Presenting Using Figures and Graphs the Steve Jobs Way Part 1 of 2

Today we are going to observe a great speaker presenting using figures and graphs effectively.

You probably know or have heard the name of Steve Jobs. His contribution towards technological progress gained him recognition from around the world before he passed away. Do you also know that he is one of the best presenters in the world? He gained the reputation of being highly skilled in providing complicated information in a simple way.

One amazing presentation skill which I wanted to learn was how he explained figures and graphs in a simple and very easy to understand manner. We sometimes have to show numbers and charts during our presentations. This is where my weakness becomes obvious. The main problem I face is how to display numbers and graphs so that it is easily understood by the audience quickly.

After learning from some writing experts and observing Steve Jobs in action I could finally understand that numbers and charts alone were not able to give meaning to one’s message unless they are compared or associated with other data. For example, when we give a presentation and say that sales are up by 10%, the audience will not be able to understand right away what a increase 10% may look or feel like. Was it 10% better than last year? Is it 10% better than our competitors? Does a 10% increase signify outstanding performance? Well, Steve Jobs was very good at answering these questions so the numbers and graphs were more easily understood.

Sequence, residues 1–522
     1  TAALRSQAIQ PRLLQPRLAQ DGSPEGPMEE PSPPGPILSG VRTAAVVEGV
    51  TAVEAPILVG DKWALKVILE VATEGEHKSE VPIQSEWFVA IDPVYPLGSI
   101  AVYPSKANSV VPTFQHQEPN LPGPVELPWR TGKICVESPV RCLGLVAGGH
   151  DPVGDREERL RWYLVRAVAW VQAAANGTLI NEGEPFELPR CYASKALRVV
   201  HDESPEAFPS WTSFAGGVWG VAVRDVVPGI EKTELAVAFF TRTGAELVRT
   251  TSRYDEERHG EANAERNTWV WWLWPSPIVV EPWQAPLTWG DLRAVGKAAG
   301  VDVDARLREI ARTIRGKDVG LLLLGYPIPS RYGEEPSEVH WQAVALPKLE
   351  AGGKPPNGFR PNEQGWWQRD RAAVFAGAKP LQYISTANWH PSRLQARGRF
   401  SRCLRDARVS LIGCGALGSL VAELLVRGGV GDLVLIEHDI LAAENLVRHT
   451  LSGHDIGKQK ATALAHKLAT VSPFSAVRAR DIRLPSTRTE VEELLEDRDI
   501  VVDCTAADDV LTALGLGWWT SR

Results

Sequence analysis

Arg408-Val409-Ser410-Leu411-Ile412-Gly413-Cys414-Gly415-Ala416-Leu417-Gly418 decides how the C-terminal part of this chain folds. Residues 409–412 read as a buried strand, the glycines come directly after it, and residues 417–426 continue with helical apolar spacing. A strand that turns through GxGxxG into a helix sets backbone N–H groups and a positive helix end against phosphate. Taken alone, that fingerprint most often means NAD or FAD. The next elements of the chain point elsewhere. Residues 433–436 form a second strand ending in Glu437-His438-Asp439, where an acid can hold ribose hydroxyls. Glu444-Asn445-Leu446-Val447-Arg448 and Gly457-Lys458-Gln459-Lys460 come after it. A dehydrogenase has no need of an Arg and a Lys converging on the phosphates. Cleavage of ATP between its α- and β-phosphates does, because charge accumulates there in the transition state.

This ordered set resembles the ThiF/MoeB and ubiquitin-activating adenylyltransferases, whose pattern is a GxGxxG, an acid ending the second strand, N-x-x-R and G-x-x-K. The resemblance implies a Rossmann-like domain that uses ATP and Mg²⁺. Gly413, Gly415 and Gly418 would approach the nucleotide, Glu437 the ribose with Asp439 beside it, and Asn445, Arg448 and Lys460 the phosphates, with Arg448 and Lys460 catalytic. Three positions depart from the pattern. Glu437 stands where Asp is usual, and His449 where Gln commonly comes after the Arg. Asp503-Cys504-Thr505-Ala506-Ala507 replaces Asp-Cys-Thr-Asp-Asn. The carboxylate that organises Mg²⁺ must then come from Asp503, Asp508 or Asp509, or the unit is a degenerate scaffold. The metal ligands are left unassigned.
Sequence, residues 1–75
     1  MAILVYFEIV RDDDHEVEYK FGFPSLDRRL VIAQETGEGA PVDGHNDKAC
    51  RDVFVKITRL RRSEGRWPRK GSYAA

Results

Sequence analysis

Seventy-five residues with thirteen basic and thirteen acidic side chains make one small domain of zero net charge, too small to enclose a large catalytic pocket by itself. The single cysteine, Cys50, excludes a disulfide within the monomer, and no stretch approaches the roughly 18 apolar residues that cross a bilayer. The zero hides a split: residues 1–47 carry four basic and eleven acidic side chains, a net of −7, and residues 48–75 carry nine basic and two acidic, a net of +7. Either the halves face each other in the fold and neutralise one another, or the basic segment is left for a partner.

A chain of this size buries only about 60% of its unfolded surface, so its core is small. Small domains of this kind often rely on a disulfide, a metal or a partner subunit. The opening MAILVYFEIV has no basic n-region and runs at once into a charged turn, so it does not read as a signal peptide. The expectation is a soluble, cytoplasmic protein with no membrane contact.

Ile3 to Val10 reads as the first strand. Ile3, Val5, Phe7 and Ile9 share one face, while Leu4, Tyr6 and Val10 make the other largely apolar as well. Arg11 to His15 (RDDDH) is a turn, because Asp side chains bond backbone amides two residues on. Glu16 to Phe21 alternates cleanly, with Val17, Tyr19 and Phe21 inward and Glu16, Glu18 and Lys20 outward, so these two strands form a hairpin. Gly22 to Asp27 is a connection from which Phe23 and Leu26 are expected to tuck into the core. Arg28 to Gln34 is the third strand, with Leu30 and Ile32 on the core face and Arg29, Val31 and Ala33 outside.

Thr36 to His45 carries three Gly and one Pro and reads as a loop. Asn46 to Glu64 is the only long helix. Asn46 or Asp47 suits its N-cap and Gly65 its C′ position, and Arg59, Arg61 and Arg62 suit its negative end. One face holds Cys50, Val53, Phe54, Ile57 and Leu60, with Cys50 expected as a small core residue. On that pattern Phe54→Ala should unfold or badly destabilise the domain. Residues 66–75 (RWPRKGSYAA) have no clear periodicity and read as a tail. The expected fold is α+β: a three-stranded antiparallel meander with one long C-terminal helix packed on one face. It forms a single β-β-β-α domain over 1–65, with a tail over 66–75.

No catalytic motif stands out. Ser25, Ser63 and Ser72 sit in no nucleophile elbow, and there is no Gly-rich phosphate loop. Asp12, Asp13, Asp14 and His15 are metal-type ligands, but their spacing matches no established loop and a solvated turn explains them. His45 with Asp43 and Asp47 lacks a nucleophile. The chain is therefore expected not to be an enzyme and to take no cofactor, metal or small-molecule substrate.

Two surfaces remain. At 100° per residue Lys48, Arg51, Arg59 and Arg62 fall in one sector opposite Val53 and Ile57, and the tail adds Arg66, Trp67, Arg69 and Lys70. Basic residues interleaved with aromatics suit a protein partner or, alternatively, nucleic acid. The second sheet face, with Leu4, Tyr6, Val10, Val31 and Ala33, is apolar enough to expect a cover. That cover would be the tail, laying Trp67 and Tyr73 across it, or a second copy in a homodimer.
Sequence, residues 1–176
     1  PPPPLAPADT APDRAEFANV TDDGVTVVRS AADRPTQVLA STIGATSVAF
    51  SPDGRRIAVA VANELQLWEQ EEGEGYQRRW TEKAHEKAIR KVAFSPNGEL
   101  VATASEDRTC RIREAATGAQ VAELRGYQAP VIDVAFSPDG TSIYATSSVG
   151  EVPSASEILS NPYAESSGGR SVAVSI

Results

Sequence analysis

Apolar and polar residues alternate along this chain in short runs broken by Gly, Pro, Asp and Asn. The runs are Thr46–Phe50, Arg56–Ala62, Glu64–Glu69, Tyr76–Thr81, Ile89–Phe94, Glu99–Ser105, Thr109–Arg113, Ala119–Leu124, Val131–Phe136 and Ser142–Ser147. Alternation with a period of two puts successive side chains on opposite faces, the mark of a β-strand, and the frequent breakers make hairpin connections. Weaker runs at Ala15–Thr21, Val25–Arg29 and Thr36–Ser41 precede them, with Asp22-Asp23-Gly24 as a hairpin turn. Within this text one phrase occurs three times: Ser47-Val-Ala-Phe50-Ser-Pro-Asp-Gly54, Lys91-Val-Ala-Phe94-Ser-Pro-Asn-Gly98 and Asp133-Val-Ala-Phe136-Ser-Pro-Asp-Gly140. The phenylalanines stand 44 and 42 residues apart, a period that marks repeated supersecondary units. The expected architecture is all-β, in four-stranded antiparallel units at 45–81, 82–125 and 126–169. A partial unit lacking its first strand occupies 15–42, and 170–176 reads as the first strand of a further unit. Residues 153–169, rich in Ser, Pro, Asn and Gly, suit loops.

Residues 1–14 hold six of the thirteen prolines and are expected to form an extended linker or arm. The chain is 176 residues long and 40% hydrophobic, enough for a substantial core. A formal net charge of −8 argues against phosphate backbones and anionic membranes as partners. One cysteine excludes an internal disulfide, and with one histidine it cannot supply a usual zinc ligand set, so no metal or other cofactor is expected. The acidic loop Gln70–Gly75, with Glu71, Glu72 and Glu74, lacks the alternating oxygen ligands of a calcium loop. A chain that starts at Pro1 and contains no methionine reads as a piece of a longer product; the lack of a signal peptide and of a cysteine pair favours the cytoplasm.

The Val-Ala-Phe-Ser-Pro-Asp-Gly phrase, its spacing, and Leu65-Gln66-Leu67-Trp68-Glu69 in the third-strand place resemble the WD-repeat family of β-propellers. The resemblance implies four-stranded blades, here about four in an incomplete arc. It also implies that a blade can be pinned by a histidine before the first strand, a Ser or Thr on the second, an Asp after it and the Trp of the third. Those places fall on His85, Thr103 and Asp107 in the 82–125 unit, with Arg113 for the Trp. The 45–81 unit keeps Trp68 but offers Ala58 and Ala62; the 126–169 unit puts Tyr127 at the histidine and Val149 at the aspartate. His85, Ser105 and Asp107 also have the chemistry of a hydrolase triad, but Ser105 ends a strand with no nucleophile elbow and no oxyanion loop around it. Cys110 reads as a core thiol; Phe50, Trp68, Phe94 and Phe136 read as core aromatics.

One thing you need to realize is that not all audiences have the same knowledge. Therefore, your task is to create figures and graphs that are easily understood. Let’s look at the analysis of Garr Reynolds (author of Presentation Zen) of Steve Jobs’ presentation techniques:
Based on the picture above, if you are working in the finance department you should be familiar and able to read and understand the meaning of those graphs and numbers.

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The graph illustrates the iPod sales from 2004 to Q2 of 2005.

At first, the sales of iPods increased gradually and exceeded $5M in Q3 of 2004. Sales continued to rise to $10M in Q4. It rose again in Q1 of 2005 to $15M and hit $21.2M in Q2 of 2005.

If I were to do a presentation, I would stop there and attempt to explain the graph using my own words. This is much easier (for me) than struggling with the various animation functions of PowerPoint. However, for Steve Jobs stopping at this stage would certainly be out of the question.

Look out for Part 2 of this article next week and I’ll share what he did next to polish his presentation..

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